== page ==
I hid my sobriety from my mother for almost a year.  I glossed over it by saying that I had to get some blood work done, and was taking a break for a while.  Even when I stayed with her in August, she didn’t know I was attending an AA meeting every Saturday.  On Saturday mornings I would tell her I was going for a long run, I would run to the meeting, and run back, I was sweaty, so there were no questions asked.

In November, I went to visit her in her new assisted living apartment in Missouri.  It was the visit before I left for Florida for two months, I thought it might be the last time I saw her alive -it was- so I finally told her the whole truth.  Yes, I have quit drinking because my liver enzymes were elevated, but there is more to it then that, I have a problem. I drink too much, I consumed a huge bottle of wine every night.  I told her I was going to AA, I showed her my 3,6,8 and 9 month chips.  We had a long discussion about our family history of alcoholism, and how I had the bad luck of having genetic markers on both sides.  It felt good to finally tell her the whole truth.

As we discussed addiction, she shared with me that if someone walked in the door right at that moment and offered her a cigarette, she would want to smoke it, and probably would.  Even knowing that she had ravaged her body with the killing effects of cigarette smoke, she still felt the pull of that addiction, and the certainty of giving in to it.  I understood completely.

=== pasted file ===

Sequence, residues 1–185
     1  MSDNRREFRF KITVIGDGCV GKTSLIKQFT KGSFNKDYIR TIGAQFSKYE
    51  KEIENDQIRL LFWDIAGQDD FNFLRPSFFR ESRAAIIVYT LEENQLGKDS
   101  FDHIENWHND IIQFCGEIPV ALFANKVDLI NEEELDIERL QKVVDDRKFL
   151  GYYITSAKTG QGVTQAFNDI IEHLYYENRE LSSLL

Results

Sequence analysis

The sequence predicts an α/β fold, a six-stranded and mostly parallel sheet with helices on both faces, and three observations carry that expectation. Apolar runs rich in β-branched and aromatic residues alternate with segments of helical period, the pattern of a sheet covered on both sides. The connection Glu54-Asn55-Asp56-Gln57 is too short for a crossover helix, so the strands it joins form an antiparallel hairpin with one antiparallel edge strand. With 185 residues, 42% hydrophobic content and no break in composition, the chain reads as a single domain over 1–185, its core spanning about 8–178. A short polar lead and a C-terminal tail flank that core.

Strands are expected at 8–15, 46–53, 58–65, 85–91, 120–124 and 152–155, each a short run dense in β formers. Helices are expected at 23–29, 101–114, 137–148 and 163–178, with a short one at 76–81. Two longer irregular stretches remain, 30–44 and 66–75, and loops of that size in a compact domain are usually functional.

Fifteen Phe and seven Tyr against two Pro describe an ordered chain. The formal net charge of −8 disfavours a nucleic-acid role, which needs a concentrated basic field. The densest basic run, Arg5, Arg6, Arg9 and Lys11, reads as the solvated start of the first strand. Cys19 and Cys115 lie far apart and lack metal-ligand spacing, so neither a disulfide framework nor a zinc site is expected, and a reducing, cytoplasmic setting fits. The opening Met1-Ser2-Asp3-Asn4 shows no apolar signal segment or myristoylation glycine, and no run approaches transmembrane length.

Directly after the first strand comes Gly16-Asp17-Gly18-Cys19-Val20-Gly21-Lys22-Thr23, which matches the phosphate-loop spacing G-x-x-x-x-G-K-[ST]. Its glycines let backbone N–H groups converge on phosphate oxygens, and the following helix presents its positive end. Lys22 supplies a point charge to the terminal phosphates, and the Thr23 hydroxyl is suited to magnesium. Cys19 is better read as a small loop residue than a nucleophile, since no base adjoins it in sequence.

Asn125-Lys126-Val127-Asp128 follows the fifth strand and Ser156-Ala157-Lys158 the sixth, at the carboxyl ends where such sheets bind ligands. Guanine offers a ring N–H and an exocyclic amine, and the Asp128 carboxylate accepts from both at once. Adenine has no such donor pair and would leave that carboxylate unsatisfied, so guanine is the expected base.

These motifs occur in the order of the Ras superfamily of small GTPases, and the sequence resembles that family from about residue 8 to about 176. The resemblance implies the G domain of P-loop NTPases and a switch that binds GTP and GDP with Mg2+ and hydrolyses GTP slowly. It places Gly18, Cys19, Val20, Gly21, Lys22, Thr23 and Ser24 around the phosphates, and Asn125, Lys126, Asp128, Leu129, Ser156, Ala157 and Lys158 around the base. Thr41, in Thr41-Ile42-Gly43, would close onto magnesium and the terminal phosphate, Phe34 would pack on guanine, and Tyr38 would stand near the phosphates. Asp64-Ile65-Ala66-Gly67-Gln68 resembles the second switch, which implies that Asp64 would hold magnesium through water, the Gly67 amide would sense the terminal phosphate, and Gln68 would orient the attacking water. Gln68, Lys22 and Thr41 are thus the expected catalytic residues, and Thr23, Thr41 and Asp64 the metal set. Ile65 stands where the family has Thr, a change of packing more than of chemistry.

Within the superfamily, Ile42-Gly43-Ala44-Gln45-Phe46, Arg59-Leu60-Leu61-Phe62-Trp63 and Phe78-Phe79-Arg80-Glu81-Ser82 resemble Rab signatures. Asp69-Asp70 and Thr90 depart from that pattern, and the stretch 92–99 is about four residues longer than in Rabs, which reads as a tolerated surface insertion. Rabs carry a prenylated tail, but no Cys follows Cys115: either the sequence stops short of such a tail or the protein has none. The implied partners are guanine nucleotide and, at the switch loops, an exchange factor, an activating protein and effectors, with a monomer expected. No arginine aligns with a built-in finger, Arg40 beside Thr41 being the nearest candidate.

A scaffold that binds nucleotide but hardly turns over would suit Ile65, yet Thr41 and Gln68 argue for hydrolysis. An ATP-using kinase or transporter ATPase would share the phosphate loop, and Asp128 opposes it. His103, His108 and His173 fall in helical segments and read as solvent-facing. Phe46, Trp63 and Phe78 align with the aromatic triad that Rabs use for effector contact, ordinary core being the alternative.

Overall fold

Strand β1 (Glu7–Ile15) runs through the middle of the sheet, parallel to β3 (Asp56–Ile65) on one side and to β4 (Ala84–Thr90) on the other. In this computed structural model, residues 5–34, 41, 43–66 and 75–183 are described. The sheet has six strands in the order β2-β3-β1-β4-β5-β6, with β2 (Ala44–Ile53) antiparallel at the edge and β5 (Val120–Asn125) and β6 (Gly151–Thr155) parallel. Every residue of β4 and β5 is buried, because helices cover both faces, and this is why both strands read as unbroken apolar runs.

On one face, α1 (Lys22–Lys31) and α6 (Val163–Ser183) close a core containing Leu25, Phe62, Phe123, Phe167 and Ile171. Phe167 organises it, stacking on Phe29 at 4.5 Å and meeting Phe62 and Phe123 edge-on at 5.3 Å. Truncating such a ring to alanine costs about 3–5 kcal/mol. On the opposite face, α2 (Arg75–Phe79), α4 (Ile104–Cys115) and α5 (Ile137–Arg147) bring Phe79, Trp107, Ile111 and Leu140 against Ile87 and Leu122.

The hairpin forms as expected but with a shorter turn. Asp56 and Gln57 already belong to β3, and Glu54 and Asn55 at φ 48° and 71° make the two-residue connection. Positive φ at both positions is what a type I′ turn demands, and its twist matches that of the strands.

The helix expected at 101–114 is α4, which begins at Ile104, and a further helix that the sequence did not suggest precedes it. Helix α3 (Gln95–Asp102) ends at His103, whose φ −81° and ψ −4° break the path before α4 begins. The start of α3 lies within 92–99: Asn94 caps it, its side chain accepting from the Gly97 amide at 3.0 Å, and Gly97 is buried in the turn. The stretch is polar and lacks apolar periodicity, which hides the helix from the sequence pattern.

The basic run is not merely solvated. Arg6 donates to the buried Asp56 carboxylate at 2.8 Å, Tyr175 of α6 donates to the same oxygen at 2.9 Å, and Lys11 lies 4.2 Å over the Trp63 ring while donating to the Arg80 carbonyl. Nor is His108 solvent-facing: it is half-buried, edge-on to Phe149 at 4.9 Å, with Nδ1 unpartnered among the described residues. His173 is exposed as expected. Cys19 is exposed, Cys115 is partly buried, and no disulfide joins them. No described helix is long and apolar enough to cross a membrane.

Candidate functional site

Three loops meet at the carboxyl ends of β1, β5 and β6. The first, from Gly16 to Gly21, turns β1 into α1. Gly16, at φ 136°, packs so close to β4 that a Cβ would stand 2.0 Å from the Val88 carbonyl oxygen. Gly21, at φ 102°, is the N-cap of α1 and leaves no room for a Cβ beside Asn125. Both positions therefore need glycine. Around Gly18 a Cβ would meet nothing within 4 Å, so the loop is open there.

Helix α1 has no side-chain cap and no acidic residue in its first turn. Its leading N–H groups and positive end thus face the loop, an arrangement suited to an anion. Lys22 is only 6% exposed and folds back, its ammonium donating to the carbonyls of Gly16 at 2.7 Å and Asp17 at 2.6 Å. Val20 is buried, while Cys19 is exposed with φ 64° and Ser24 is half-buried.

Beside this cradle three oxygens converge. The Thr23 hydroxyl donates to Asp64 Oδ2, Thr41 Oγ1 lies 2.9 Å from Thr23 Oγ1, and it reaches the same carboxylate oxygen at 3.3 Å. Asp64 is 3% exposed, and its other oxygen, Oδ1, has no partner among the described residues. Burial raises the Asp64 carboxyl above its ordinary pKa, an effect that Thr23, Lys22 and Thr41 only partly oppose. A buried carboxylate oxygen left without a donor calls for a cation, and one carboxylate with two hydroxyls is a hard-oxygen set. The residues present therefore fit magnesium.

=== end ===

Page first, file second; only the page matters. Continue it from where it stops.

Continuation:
During one of our last telephone conversations, she told me that she was so proud of me for admitting I have a problem with alcohol and doing something about it.  She also mentioned that she had really cut back on her alcohol consumption as well.  I choose to believe that was not because she was so sick, but because she was making a conscious decision to make a change.

As my brother and I were undertaking the horrendous task of cleaning out her apartment, I asked him where her wine and bourbon were, she always had one she was working on and a spare.  It was very noticeable that there was none there.  He told me he had gone over very early that morning to remove it all, just in case the devastation of her death caused me to decide to pick up. I was overwhelmed with his thoughtfulness and thanked him for that.  He then shared with me that she really admired what I have done, and he felt that if she had lived a bit longer, she too would have quit drinking.  We will never know.

Cigarettes killed my mother on February 4, 2014.  If I had continued to drink, alcohol would have killed me.

Addiction is horrible, addiction kills.  I choose to live, no matter how hard sobriety is, it isn’t harder than no longer having a mother.